You might like to use Fusion. It is a free software for point cloud processing and visualization .
1- Look into the manual for a command program called
Catalog. It returns descriptive statistics from the point cloud.
What you want is the Catalog's switch
density:area,min,max. The manual description says:
Creates an image for all data files that shows the return density for the area represented by each pixel. area is the pixel area, min is the minimum acceptable point density per unit area, and max is the upper limit for the acceptable density range. Cells with point densities falling within the min-max range are colored green, cells with point densities below the minimum are colored red, and cells with densities above the maximum are colored blue.
You need to set min and max accordingly so it will highlight the information you want. For example: if you want to see pixels where there were less than 1 return, set min equal to 1. Pixels with less than one return per square meter will show up red.
The command line would be similar to the following, considering pixels of 5 meters (25 m²).
Catalog /density:25,1,5 pointcloud.las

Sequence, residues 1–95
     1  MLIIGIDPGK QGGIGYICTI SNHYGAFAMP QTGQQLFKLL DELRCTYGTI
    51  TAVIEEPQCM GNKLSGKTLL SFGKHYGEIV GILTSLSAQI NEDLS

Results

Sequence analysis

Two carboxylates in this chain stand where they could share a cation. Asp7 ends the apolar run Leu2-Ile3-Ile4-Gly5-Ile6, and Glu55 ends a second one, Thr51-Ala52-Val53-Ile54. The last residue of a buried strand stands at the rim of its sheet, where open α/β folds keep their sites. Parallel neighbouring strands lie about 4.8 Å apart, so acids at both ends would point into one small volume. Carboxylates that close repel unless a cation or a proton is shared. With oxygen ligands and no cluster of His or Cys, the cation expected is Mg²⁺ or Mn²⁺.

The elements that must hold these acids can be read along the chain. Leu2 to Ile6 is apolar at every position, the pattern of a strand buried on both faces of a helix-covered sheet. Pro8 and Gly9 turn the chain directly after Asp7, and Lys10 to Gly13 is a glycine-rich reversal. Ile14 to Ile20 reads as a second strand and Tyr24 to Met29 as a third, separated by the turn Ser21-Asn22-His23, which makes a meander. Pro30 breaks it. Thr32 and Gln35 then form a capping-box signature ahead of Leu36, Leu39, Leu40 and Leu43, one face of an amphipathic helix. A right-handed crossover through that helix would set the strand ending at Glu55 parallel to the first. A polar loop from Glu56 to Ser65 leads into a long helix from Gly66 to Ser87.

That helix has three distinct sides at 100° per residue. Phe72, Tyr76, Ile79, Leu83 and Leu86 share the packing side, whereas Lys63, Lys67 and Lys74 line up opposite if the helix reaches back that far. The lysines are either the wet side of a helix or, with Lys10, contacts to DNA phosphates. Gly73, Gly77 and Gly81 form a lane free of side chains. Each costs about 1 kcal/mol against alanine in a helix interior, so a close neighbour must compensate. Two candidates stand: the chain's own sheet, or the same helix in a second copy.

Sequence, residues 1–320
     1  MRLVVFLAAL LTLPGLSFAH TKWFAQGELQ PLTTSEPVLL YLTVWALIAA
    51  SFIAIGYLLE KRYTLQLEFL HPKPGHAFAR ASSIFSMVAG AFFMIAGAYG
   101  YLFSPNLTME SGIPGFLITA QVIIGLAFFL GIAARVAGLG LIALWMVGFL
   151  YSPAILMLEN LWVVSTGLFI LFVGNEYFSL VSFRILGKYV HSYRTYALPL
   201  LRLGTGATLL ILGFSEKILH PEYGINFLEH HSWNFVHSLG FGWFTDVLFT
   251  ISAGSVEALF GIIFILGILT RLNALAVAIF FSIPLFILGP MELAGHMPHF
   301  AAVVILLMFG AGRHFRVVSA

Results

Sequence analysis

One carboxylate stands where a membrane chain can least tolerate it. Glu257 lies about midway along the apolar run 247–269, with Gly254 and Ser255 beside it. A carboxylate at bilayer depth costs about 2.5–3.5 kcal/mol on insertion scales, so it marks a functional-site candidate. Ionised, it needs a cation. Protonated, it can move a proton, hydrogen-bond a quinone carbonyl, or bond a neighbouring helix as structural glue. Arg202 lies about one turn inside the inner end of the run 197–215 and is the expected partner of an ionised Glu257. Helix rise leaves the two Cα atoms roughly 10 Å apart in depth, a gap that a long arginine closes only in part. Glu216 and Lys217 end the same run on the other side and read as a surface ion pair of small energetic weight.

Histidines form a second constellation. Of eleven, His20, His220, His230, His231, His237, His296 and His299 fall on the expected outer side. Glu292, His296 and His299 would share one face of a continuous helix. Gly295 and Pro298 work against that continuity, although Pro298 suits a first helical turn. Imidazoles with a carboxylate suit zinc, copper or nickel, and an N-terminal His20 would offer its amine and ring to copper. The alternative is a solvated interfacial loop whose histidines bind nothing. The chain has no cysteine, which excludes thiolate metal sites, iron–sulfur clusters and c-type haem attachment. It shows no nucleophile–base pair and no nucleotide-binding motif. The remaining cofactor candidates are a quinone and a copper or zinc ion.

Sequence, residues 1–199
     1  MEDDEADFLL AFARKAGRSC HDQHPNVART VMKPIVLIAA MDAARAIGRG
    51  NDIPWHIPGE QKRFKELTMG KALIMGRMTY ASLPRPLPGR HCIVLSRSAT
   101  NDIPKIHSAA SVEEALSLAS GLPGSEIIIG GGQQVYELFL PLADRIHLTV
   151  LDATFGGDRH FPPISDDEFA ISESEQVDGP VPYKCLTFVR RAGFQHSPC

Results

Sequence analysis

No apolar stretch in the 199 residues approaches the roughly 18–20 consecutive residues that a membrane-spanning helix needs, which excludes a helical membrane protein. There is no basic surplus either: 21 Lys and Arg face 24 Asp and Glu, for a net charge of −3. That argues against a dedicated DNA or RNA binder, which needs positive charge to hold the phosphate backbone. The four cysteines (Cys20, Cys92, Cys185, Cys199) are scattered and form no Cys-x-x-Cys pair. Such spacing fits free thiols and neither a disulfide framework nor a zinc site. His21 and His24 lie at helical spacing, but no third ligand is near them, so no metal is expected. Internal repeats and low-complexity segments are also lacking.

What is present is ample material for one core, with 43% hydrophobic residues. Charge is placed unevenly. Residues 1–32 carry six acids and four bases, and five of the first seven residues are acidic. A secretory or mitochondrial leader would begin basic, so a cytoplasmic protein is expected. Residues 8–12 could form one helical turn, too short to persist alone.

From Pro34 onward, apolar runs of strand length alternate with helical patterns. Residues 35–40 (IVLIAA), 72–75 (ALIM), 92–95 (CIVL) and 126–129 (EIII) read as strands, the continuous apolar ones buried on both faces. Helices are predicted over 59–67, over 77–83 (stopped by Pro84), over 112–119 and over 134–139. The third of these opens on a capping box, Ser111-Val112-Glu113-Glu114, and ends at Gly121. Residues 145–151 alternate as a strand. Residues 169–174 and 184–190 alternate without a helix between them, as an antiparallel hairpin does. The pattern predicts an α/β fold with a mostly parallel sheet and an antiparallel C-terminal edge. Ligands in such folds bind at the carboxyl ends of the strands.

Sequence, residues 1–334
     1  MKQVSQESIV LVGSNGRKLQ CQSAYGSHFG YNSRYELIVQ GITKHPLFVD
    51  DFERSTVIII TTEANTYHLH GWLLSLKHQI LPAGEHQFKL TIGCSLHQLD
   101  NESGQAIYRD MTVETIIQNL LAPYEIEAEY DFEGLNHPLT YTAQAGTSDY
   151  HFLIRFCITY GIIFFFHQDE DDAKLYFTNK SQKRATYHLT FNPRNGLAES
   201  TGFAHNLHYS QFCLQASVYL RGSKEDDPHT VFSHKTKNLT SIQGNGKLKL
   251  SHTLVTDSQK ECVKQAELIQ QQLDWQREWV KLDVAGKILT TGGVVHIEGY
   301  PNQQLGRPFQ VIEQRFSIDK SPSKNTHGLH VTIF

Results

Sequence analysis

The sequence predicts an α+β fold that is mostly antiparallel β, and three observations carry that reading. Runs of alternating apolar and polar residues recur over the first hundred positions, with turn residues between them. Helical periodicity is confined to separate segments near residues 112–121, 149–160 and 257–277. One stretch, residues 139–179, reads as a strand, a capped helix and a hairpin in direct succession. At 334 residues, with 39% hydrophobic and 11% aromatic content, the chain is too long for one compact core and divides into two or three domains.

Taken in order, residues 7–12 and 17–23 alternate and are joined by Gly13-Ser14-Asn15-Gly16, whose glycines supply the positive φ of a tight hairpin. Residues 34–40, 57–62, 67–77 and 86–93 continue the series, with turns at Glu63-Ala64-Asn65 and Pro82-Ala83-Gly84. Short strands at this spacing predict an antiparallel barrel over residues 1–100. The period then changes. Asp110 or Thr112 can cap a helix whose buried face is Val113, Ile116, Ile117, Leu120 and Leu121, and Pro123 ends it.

If you need more help to run this command line, here I provided a detailed example about it.
This is the
catalog /density output, taken from one sample data provided by Fusion:
The RGB picture from the scene above can be seen here.
2- There is another option, more flexible than Catalog.
Use the command
GridMetrics to extract the number of returns per pixel. Set the pixel size the way is more suitable for analysis. The output will be a comma separated value (csv) file where each line will correspond to a pixel.
Example (with pixel size equal to 5):
gridmetrics /noground /nointensity 2 5 4800K_gridmetrics lda_4800K_data.las
/nogroundis a switch used together with normalized datasets,
/nointensity is a switch for not generating LiDAR intensity statistics (will speed up processing), and
2 is the height break for calculating cover statistics.
Then, use the command
CSV2Grid to transform the .csv file into an ASCII raster format file (.asc), and you will be able to open it in different GIS software.
Example (where the variable of interest 'total number of returns' was in column 5 from previous
csv2grid 4800K_gridmetrics_all_returns_elevation_stats.csv 5 4800K_return_per_pixel.asc